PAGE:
Caitlin Clark is proving naysayers wrong. Rookie posts a double-double as Fever win

INDIANAPOLIS — The national narrative was relentless, relatively simple and, as it turns out, totally wrong.

It went something like this: The Indiana Fever were terrible. Caitlin Clark was struggling. The naysayers were right; the transition for the greatest scorer in major college basketball from Iowa to the WNBA was going to be arduous and ugly.

So what then should we make of this: The Fever won their fourth consecutive home game for the first time since 2015, when Aliyah Boston was a freshman in high school and Clark was in eighth grade. The team is 5-2 in June, 6-10 overall and would make the playoffs if the season ended today.

Clark, the 22-year-old phenom who is the nation’s most popular and definitely most discussed athlete — the one who is bringing crowds and eyeballs to the WNBA as no one ever has before — has found her comfort zone and is playing beautifully, following her best game Sunday against Chicago with another gem Wednesday night in Indiana’s 88-81 victory over lowly Washington before another sellout crowd of 17,274 at Gainbridge Fieldhouse.

Clark produced a very interesting double-double: 18 points and 12 rebounds. Yes, 12 rebounds. Had that happened before?

“In college I would get them sometimes,” Clark said.

As for Wednesday night, “I got off to a fast start there in the first quarter. Sometimes the ball just bounces your way a little bit more and a lot of times the people I’m guarding are getting back in defense so I have a little more free rein of going and chasing down the ball while our bigs are probably boxing out and hitting a little bit more.”

By grabbing those rebounds, Clark is able to do what she does best. “I think we’re really good when I can get it off the rim and push in transition,” she said, “so I take a lot of pride in trying to chase it down off the rim and then really go. I think that led to a lot of easy baskets for Aliyah at the beginning of the game or just all of us in transition. I think it’s a really good thing.”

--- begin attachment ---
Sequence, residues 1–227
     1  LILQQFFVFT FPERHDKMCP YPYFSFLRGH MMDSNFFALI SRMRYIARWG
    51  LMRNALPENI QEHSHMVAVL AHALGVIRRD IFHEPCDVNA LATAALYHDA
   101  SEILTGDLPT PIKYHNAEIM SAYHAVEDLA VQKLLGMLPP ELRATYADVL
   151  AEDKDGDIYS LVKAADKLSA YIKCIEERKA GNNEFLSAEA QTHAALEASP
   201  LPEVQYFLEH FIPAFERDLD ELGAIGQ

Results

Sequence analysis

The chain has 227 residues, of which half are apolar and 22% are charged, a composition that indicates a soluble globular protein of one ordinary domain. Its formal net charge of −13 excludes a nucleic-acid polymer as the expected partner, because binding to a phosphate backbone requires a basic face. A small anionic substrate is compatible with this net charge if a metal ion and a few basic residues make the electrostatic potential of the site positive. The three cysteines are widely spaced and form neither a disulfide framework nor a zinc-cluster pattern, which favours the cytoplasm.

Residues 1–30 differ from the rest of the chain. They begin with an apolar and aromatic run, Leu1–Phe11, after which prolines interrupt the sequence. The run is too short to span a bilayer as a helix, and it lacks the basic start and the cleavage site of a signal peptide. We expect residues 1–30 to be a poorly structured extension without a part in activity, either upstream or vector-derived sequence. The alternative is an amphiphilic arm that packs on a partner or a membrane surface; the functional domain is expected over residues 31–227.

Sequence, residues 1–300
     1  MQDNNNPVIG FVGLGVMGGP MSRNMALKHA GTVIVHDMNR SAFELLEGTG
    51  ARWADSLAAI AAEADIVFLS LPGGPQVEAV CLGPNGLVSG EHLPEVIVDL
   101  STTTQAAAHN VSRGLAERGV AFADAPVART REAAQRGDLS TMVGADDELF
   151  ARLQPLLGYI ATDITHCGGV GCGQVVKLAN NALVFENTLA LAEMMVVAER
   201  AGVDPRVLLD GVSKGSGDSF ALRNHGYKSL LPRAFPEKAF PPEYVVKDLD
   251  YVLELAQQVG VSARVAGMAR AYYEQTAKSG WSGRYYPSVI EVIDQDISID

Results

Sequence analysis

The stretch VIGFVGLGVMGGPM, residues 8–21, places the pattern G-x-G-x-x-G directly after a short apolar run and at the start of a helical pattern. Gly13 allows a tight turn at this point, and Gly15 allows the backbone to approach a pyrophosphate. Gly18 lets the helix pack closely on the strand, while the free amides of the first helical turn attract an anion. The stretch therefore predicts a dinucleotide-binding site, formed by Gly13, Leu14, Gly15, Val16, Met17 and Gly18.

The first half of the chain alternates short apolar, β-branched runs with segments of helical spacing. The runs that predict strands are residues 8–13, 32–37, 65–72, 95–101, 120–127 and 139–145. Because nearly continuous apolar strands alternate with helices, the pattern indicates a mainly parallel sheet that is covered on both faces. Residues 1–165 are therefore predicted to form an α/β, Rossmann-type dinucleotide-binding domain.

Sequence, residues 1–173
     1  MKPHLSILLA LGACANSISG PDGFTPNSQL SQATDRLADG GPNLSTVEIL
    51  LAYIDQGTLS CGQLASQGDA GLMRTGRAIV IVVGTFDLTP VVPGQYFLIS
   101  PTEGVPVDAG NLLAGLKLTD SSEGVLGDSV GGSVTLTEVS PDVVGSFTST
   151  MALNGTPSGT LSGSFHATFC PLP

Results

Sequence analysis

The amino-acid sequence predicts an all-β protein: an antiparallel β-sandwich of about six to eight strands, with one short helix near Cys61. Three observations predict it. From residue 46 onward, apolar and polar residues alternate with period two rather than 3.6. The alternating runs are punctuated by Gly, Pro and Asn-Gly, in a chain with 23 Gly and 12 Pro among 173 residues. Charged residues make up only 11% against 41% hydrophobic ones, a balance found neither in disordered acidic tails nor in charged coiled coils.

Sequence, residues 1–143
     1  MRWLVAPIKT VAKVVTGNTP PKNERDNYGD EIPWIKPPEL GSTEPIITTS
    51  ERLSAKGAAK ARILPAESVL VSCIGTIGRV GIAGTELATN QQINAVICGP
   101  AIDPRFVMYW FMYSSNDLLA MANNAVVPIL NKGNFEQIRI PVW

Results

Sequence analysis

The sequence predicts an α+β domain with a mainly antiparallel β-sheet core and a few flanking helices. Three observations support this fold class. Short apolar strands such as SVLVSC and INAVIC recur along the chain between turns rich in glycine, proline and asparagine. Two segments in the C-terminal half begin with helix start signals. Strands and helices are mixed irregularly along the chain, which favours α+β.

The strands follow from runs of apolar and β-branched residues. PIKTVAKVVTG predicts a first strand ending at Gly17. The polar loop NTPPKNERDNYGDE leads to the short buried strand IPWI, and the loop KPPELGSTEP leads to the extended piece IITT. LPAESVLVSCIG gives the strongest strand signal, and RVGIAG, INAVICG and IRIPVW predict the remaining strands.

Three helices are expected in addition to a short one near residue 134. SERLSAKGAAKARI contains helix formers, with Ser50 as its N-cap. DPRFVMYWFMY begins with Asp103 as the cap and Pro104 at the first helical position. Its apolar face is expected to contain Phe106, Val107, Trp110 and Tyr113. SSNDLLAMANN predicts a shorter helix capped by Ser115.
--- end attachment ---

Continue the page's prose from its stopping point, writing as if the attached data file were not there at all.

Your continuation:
Then she smiled. “But yeah, 12 is…don’t get used to it, that’s for sure.”

Clark continues to set historic league milestones that no one in league history has reached before her. The latest? She became the fastest player in WNBA history to reach 200 points, 75 rebounds and 75 assists. She did that in her first 15 games.

But what’s best about the high-wire act of Clark’s performances are the absolutely electric moments that can change the game in an instant. It happened at Iowa and it’s happening in Indiana, and it happened Wednesday night. With the game tied nearing halftime, Clark nailed her first 3-pointer of the night, a dagger from 29 feet. In Washington’s subsequent possession, Clark stole an errant Mystics pass and drove to the basket for an easy layup. It was five Clark points in 14 seconds, a lead that Indiana never relinquished.

But, but, but, some people will say. What about the nation’s interest in Clark’s turnovers? There were six Wednesday, and when she was asked about them in the post-game press conference, Clark was dutifully remembering them and going through each one when Boston, who scored 22 points, interrupted.

“You look at Caitlin and you look at the way she passes the ball and so sometimes things are going to happen that way and that’s okay because we’re not going to let her hang her head, we’re not going to hang our head off of any missed passes,” Boston said. “We’re still continuing to jell together and we know that she’s a great passer so she thinks she can get that ball there, she’s going to throw it and if I miss it, then we’re good, we’re all right, we’re good.”

This was a young team breathing a sigh of relief and taking a deep breath, with a little extra bounce in its step, and why not? Indiana endured a ridiculous murderer’s row start of 11 games in 20 days, six of which were against the WNBA’s top three teams — by far the most grueling opening schedule of any team in the league.

“We didn’t get to practice much and we are the most inexperienced team in the WNBA,” Clark said. “Now this group is starting to click and build some chemistry. Everybody loves instant satisfaction. Sure, we would have probably loved that too. But we all kept good perspective knowing we need to get better one step at a time.”

Said Fever head coach Christie Sides: “The youngest, least experienced team in the league, that schedule was tough, with no practice time. I keep saying it but just the way these guys keep showing up, I’m so proud of them because now they’re feeling what it should have felt like at the beginning for them.”

This article originally appeared on USA TODAY: Caitlin Clark, Indiana Fever win fourth straight at home